Education Opinion

The “90/90/90 Schools” Myth

By Justin Baeder — May 30, 2011 3 min read
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One of the most widely cited studies on closing the achievement gap is Doug Reeves’ “90/90/90 Schools” research, which asserted more than a decade ago (as reported in his book Accountability in Action) that schools can and routinely do get all or nearly all students to meet standard, despite extremely high poverty rates.

Given the growing consensus that poverty plays an undeniable role in the achievement gap—meaning the gap can be closed, but not without addressing poverty a la HCZ—I’ve been wondering what to make of the 90/90/90 schools. So I decided to do a little digging and see if there has ever really been any such thing.

Reeves defines 90/90/90 schools as those in which:

More than 90 percent of the students are eligible for free and reduced lunch, a commonly used surrogate for low-income families More than 90 percent of the students are from ethnic minorities More than 90 percent of the students met or achieved high academic standards, according to independently conducted tests of academic achievement

When pressed for actual examples of 90/90/90 schools, Reeves provided a list of schools in Milwaukee that had 90% or more of students receive a “basic” or higher score on a certain reading test, the Wisconsin Reading Comprehension Test, in the 1998-1999 school year.

It’s important to note the rhetorical context. Reeves went so far as to imply that it’s racist to ask for the names of 90/90/90 schools:

When The Bell Curve (Herrnstein and Murray, 1994) was published with the widely accepted assertion that children who are black and poor perform badly on academic achievement tests, I cannot recall a single instance of demands for the names of students who were subjects of the studies cited. When I have demonstrated that poor and black children perform well, I am inundated with demands for verification. These demands speak volumes about our expectations of children based on their appearance and economic status. from Accountability in Action

Very well then. We all want to believe that all students can achieve at equally high levels, but experience bears out the truism that poverty impacts achievement. Reeves wants to tell us otherwise, using data from actual 90/90/90 schools.

But there’s a problem with Reeves’ data: “Basic” on the WRCT cannot by any stretch of the imagination be defined as a “high academic standard.” The state of Wisconsin defines “basic” achievement as

Somewhat competent in the content area. Academic achievement includes mastery of most of the important knowledge and skills. Test score shows evidence of at least one major flaw in understanding the academic content area tested.

In fact, it is expected that 80% of students in each school will be “proficient” or higher; the purpose of the WRCT was to identify students most in need of intensive support, not to set a bar for “high standards.”

To put this in context, an examination of the spreadsheet of all ‘98-'99 WRCT results shows that fully 347 of 1132 schools (over 30%) had not a single student scoring below basic. Another 199 schools had only one student score “minimal.”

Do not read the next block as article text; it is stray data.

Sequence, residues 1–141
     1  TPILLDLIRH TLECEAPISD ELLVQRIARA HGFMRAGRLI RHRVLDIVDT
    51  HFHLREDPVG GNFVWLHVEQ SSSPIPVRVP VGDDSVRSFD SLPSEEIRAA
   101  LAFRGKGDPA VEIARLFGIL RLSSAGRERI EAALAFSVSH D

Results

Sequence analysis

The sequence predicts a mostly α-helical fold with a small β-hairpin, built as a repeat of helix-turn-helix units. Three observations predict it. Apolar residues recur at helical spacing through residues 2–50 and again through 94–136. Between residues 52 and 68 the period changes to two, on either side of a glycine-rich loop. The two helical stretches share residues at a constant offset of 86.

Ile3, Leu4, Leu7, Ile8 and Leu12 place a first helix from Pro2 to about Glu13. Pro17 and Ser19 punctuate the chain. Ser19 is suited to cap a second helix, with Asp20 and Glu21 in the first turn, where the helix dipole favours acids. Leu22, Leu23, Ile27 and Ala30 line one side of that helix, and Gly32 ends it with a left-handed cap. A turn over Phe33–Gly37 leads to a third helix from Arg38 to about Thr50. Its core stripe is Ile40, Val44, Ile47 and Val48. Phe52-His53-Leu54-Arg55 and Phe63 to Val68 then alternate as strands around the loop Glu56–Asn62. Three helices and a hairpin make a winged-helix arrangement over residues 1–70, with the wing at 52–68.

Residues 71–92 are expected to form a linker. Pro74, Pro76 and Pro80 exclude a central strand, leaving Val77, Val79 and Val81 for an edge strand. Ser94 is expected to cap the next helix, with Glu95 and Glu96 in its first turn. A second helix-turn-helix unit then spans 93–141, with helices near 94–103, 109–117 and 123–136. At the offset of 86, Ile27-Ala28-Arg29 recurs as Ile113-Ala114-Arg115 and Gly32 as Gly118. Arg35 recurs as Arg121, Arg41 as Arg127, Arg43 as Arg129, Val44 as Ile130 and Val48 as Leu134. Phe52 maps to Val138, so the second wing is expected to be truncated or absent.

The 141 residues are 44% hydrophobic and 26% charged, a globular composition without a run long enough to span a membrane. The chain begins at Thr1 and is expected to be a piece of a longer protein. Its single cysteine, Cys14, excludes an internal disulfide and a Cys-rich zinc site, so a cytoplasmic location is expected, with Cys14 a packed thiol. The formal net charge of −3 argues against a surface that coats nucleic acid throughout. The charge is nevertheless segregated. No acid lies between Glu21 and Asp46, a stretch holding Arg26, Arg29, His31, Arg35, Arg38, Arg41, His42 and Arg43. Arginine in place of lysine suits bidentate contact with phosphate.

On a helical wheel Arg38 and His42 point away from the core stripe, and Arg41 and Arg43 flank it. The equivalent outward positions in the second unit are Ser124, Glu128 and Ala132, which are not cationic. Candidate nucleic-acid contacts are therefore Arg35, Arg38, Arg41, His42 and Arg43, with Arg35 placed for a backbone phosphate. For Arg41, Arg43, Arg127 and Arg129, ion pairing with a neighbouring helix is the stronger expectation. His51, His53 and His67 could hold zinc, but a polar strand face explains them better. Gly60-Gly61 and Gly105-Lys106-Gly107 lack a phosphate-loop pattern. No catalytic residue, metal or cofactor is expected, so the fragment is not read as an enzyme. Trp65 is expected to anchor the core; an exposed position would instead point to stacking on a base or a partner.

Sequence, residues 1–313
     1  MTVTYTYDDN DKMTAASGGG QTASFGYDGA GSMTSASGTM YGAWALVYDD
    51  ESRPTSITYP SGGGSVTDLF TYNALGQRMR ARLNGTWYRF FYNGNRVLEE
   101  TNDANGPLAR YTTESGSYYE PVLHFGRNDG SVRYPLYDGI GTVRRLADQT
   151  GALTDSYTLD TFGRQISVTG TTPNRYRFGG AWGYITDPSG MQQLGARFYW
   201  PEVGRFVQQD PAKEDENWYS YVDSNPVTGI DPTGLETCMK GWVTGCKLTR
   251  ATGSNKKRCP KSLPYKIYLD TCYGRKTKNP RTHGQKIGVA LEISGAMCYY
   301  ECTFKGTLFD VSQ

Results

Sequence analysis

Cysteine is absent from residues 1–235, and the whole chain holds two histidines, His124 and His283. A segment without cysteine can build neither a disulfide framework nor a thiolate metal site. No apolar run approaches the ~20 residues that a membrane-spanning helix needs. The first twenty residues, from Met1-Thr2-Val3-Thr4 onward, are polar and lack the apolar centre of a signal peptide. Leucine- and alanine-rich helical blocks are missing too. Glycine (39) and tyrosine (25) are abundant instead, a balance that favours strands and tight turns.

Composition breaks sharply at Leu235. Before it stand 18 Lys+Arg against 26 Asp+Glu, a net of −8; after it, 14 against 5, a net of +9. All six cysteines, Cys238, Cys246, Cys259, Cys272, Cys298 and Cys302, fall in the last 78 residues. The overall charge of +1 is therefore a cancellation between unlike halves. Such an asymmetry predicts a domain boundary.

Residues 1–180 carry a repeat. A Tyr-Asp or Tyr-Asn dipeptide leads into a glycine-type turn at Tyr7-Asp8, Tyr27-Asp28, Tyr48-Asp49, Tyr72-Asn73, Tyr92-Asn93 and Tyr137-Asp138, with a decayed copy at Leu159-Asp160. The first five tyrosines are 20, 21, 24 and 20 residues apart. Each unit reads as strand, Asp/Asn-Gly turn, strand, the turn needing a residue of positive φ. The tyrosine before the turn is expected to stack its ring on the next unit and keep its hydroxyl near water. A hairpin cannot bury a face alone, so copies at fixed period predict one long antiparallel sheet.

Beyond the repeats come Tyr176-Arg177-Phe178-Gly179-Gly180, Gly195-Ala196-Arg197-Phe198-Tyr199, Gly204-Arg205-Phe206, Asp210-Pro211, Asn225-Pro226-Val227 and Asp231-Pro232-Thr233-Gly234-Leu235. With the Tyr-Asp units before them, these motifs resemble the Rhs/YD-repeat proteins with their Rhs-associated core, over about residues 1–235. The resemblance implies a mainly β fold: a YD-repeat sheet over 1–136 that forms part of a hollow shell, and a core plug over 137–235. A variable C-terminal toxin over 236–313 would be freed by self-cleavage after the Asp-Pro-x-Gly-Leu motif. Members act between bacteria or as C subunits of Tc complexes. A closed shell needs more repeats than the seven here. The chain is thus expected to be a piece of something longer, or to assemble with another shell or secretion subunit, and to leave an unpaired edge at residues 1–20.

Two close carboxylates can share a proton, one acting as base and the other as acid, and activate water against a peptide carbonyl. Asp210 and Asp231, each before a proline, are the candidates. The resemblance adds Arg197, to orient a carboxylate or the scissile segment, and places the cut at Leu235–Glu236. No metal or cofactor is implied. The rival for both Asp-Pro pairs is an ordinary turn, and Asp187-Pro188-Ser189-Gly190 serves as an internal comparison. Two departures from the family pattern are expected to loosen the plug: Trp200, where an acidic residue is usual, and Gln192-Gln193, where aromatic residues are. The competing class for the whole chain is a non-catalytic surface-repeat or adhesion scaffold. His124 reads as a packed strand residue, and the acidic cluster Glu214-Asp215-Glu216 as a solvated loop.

In fact, only 195 of the 1132 schools with valid WRCT scores in 1998-1999 had fewer than 90% of their students score basic or higher on the test. In other words, Reeves set a bar for “high academic standards” that 83% of schools met.

Reeves could have used these data to make a good point: All kids can learn, and regardless of the demographic conditions in a school, all students can be expected to reach some important basic academic standards. Schools with similar demographics have widely varying WRCT scores, so surely there’s something to be learned from the more successful schools. We should always look for opportunities to improve.

If we want to those standards to signify high achievement, though, we’re going to have to look for different data to support the 90/90/90 claim in any place other than Harlem Children’s Zone.

Reeves’ belief that data and accountability can help all schools help all students reach high academic standards was codified in No Child Left Behind. The past decade in education has been a nation-wide experiment to see if Reeves was right. Apparently he wasn’t.

If there are other data that identify 90/90/90 schools (with the final “90" representing some meaningful standard of student achievement), I’d love to see them. More recent research, of course, has shown that very few schools (such as the KIPP academies) consistently outperform regular public schools in closing the achievement gap, after selection factors and other differences are taken into consideration, and none by huge margins.

Until then, I will have to conclude that Reeves’ 90/90/90 schools are a myth, calculated to instill hope in discouraged educators and to sell books explaining how our schools can single-handedly overcome all odds.

The opinions expressed in On Performance are strictly those of the author(s) and do not reflect the opinions or endorsement of Editorial Projects in Education, or any of its publications.